Ukraine steps up diplomacy amid fighting, power outages
Ukraine’s President Volodymyr Zelenskiy attends a working session of G7 leaders via video link, as Russia’s attack on Ukraine continues, in Kyiv, Ukraine June 27, 2022.
Ukrainian Presidential Press Service | via Reuters
The United States is prioritising efforts to boost Ukraine’s air defences, President Joe Biden told his Ukrainian counterpart on Sunday, as President Volodymyr Zelenskyy stepped up efforts to secure international assistance over the Russian invasion that is dragging into a 10th month.
Heavy fighting in the country’s east and south continued unabated, while drone and missile strikes on key power infrastructure, notably in the Black Sea port city of Odesa, kept many Ukrainians in the cold and dark.
There are no peace talks and no end in sight to the deadliest conflict in Europe since World War Two, which Moscow describes as a “special military operation” and Ukraine and its allies call an unprovoked act of aggression.
“We are constantly working with partners,” Zelenskyy said after talking to Biden and the leaders of France and Turkey, adding that he expects some “important results” next week from a series of international events that will tackle the situation in Ukraine.
German Chancellor Olaf Scholz will hold on Monday an online meeting with Group of Seven (G-7) leaders and the European Union foreign ministers will to try to agree on further sanctions on Russia and Iran and on additional aid or arms deliveries to Ukraine.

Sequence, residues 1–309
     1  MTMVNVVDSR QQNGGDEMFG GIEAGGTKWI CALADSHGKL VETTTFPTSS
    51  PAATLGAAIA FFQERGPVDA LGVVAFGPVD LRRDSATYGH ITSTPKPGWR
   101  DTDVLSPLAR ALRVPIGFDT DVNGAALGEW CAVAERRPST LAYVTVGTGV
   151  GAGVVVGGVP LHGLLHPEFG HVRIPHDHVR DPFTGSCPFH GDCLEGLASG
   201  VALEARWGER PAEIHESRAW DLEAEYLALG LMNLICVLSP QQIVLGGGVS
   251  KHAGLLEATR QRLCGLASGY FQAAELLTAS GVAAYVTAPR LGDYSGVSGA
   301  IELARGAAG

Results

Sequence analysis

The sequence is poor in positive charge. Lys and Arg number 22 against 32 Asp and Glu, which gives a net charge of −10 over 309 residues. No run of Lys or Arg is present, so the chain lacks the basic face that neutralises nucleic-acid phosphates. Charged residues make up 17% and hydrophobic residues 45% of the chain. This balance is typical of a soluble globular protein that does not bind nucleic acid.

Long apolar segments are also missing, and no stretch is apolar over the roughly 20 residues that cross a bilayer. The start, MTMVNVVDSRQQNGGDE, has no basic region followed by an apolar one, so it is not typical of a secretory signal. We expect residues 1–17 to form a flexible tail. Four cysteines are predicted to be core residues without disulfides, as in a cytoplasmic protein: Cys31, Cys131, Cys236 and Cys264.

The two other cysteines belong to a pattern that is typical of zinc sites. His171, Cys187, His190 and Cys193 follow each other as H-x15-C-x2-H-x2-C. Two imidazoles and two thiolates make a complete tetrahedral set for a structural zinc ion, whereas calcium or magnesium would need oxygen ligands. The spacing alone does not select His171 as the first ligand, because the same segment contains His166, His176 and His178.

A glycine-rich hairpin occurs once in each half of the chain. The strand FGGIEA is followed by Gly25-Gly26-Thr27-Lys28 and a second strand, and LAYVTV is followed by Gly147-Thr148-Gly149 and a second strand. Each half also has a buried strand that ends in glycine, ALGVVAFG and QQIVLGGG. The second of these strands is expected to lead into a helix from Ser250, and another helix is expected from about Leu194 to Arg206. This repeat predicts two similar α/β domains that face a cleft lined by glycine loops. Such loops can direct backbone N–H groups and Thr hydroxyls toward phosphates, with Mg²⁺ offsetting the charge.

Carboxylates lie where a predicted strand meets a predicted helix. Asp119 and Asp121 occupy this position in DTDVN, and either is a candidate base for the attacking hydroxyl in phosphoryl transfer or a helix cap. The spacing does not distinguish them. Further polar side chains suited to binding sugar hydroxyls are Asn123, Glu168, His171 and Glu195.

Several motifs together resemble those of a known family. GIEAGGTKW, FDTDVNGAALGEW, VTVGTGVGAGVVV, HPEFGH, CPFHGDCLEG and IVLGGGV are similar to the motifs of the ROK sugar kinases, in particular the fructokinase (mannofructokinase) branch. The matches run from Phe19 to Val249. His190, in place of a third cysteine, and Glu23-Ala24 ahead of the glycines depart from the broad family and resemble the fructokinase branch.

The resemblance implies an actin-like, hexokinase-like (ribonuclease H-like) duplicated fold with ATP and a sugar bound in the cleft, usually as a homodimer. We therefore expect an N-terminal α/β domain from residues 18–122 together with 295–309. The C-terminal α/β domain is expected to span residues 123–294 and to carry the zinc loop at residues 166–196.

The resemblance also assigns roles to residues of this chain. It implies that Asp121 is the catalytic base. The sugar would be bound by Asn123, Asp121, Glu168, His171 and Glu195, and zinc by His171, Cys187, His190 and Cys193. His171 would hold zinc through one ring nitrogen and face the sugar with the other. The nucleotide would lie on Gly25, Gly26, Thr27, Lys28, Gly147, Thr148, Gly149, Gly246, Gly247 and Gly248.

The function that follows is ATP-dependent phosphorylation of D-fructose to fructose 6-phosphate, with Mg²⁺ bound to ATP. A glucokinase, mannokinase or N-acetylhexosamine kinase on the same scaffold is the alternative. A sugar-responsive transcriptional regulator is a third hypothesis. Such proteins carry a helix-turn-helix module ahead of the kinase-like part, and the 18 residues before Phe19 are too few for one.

While Zelenskyy has held numerous talks with Biden, French President Emmanuel Macron and Turkish President Tayyip Erdogan since Russian forces invaded in late February, the accumulation of discussions in just one day is not a regular event.
Russia unlikely to be able to fully occupy ‘annexed’ parts of Ukraine, UK says
Cadets attend an event in Rostov-on-Don, Russia, on Sept. 30, 2022, marking the declared annexation of the Russian-controlled territories of Ukraine’s Donetsk, Luhansk, Kherson and Zaporizhzhia, after holding what Russian authorities called referendums that were condemned by Kyiv and governments worldwide.
Sergey Pivovarov | Reuters
Russia’s apparent war aims of “liberating” eastern Ukraine and extending control over the southern regions of Zaporizhzhia and Kherson are likely to fail, Britain’s Ministry of Defense stated Monday, with little gains expected over the winter.
“Russia is likely still aiming to extend control over all of Donetsk, Luhansk, Zaporizhzhia, and Kherson Oblasts [regions]. Russian military planners likely still aim to prioritise advancing deeper into Donetsk Oblast,” the defense ministry said on Twitter.
“However, Russia’s strategy is currently unlikely to achieve its objectives: it is highly unlikely that the Russian military is currently able to generate an effective striking force capable of retaking these areas,” the U.K. added.
“Russian ground forces are unlikely to make operationally significant advances within the next several months.”